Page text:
Political observers in the seventies and eighties repeatedly predicted the fall of the Soviet empire. Stating that communism was an artificial construct and suffered from significant internal contradictions, scholars went on to analyse why Communism would never succeed.
Yet when the Communist regimes collapsed the world over, it took even those very experts by surprise.
Likewise many observers have been pointing out to the un-sustainability of the United States' economic model for the past several years. Yet, when the current crisis hit the global financial sector, these experts were surprised by its scale and magnitude.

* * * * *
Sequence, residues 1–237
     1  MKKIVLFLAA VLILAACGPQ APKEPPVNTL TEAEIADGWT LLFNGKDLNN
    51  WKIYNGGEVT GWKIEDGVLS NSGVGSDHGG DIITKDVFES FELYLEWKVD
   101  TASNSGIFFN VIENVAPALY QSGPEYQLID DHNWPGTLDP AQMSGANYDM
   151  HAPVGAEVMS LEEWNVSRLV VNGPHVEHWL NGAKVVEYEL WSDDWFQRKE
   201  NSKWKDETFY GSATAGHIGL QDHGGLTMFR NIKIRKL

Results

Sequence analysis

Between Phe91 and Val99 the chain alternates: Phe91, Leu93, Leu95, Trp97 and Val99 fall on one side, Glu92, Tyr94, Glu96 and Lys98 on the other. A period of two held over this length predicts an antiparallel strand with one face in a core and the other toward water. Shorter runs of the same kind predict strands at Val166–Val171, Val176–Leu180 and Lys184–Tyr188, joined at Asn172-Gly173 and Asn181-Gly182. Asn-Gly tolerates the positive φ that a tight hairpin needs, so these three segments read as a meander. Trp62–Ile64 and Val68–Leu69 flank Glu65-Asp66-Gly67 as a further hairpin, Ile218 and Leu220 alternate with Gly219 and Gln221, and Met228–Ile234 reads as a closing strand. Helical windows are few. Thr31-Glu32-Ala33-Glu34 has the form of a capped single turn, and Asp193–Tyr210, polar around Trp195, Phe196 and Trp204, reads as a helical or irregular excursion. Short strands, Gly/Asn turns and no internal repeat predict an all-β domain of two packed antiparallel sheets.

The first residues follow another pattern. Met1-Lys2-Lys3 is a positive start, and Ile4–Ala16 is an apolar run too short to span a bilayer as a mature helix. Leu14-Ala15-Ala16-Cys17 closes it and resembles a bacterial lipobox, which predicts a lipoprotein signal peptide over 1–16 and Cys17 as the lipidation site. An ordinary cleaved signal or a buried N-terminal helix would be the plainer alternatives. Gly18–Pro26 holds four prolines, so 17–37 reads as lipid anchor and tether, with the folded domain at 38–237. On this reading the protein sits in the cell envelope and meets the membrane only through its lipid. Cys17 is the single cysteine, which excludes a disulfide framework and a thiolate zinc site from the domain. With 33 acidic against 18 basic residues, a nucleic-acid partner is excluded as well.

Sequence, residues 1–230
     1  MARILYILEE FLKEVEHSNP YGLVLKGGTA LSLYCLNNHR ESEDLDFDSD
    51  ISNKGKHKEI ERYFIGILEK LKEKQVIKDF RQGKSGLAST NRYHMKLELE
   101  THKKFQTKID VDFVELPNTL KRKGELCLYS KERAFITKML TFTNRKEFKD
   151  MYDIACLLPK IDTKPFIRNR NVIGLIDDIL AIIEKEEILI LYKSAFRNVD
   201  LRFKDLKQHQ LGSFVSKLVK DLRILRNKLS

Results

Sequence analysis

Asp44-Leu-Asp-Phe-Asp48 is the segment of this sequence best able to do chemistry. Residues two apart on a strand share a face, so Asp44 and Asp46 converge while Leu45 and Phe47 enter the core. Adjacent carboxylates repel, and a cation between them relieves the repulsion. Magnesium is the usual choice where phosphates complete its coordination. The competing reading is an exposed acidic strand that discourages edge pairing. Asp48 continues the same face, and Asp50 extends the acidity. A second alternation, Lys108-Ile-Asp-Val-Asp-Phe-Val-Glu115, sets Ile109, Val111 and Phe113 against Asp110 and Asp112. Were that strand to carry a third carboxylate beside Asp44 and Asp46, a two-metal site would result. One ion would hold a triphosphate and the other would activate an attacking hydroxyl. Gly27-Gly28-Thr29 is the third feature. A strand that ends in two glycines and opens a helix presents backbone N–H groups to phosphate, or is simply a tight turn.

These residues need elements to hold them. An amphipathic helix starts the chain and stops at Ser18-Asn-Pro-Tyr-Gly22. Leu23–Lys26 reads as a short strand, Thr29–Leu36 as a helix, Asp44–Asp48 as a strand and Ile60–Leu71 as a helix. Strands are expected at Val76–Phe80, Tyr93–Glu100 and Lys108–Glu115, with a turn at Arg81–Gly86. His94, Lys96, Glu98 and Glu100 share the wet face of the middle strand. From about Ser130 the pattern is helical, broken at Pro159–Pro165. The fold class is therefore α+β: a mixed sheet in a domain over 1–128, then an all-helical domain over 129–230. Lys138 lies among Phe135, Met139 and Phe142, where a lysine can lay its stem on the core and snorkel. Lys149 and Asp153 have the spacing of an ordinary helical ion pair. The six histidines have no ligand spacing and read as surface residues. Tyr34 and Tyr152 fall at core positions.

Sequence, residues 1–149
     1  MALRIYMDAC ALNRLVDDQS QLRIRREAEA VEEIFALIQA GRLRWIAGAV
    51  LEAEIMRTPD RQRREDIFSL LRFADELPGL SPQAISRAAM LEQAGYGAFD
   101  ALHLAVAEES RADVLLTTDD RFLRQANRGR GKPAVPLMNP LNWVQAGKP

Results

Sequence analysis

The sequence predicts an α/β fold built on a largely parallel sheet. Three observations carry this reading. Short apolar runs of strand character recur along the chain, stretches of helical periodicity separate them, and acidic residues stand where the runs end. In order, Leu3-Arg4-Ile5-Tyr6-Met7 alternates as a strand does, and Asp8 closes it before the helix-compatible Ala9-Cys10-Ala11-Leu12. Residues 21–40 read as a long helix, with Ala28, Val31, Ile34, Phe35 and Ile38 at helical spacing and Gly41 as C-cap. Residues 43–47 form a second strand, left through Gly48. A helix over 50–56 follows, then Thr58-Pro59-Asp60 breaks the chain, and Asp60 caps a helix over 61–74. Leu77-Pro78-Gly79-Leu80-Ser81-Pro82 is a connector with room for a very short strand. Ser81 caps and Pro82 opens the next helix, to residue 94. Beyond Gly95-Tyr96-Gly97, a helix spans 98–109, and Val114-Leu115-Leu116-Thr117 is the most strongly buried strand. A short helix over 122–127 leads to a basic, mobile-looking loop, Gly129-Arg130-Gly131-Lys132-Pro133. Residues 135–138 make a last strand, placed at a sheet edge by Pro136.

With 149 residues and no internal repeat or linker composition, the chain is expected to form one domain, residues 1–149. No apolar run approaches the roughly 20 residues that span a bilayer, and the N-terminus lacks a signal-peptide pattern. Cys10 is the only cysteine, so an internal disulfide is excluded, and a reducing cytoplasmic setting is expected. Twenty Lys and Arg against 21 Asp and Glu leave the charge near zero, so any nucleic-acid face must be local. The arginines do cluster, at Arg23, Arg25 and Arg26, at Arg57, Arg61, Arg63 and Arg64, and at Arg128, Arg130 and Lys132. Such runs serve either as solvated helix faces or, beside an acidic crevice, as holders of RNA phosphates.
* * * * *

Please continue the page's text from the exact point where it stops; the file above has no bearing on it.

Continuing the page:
Scholars have been repeatedly pointing out to the similarities between free market capitalism -- as it has been practiced in the US -- and communism -- as it was practiced in the erstwhile USSR.
Barring ownership issues, perhaps, there is hardly any crucial difference between the two.
American writer and political thinker Noam Chomsky captured the issue at hand rather brilliantly when he pointed out that capitalism would have a Chernobyl-like disaster only for a profit, while communism could afford it at any cost. The thin line between free market capitalism and communism was never as blurred as it is now.